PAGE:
Review of Batman: The Killing Joke Feature Film

By: Graesyn Fenix

Plenty of comic book fans know about and have read The Killing Joke, which originally went to print in 1988. After a long wait and a ton of speculation, it’s finally come to the big screen and, well, it’s catching a lot of heat at the moment. The craziest part about people’s issue with the feature length adaption? They don’t have beef with how the original story was done, the problem stems from an added prologue to the one-off that was added in order to give the story a longer run time. In addition to the 45 minute telling of The Killing Joke, we were given an additional 30 minutes of Batgirl-centric story. I understand the need to add more time, and i commend DC’s team for not deciding to pad the actual story itself with randomness and instead going with a prologue. However, what they gave us was a little forced, a lot weird, and what I’ve learned to expect when someone says the male writers have given the story a strong female character. I’m not saying men can’t write strong female characters, I’m simply saying some of them don’t really get it right.

Strong female character doesn’t just mean they’re good at the fight, the strength people are looking for isn’t necessarily in terms of brute force, but in strength of character, emotional strength. Iit means they don’t turn into what amounts to nothing more than a pining teenager with romantic angst for their older professor. Which is what they did to Barbara Gordon for thirty minutes of screen time. We basically are given a woman who creates a romance in her head, gossips about said romance at work, and throws herself at her romantic interest during an argument about her being too close to a situation. The morning after we see her regretting her decisions, moping around because Batman is mostly avoiding her, and tossing some random guy into some bushes because he yells at his girlfriend for “needing space”. Because apparently a strong woman can’t go out, have sex, and move on, she has to longingly stare at her communicator as if life can’t possibly go on without her man. She can’t handle the emotional baggage and stress but can throw a punch. She is not a strong female lead, she’s what some guy thinks a strong female lead is supposed to be. Apparently there was even some heated discussions about it during the panel for Killing Joke at Comic-Con last week.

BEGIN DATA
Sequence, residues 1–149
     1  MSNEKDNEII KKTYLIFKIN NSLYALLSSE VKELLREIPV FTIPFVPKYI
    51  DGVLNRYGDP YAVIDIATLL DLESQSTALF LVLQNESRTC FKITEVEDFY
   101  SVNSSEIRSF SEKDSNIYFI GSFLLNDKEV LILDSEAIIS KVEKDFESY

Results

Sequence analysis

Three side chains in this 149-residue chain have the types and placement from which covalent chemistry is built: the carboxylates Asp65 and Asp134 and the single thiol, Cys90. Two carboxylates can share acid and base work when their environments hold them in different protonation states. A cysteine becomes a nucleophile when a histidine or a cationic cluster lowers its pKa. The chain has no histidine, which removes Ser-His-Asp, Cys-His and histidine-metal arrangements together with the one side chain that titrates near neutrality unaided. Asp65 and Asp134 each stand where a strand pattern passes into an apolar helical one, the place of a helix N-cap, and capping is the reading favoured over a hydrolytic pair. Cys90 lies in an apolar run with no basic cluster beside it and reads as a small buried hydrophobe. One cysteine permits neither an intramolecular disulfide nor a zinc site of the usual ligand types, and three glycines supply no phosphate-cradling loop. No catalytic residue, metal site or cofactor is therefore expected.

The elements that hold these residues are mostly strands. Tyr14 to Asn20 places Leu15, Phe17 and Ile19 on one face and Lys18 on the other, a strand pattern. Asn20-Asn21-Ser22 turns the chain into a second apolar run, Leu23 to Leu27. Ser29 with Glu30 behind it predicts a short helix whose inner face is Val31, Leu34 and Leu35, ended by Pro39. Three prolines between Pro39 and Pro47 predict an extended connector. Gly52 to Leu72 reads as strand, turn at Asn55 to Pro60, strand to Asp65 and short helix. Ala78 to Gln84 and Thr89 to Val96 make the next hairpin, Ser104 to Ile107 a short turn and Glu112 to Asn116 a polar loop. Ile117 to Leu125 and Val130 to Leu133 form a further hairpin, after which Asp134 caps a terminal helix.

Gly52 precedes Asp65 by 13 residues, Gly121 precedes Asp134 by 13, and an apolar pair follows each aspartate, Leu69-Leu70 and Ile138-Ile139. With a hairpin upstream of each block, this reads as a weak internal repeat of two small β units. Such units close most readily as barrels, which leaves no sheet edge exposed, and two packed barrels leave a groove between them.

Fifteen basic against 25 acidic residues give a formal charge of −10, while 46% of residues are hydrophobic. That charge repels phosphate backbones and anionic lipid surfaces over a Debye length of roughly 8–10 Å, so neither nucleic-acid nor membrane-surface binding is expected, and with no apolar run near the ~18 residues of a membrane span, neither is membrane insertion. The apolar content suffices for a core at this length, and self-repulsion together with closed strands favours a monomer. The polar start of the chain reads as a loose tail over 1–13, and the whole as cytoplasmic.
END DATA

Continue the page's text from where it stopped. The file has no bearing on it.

However, even with the weirdness that sex between the much older Batman and Batgirl under the watchful eye of a gargoyle, once you get past that part, once the actual story line from Killing joke starts… it’s amazing and everything I had hoped it would be. The art, the music, Hamill and Conroy all of it was brilliant and beautifully done. The story went practically frame for frame with the original graphic novel and they didn’t shy away from anything, which left you with an understanding, and possibly some insight, into the raw insanity that is The Joker. I have to say that the musical number was, without a doubt, the most beautifully, morbidly insane part of the movie that really brought the comic out of the pages. The Killing Joke was wonderful, it was creepy, it was something I highly recommend seeing, just, maybe fast forward through the first bit.

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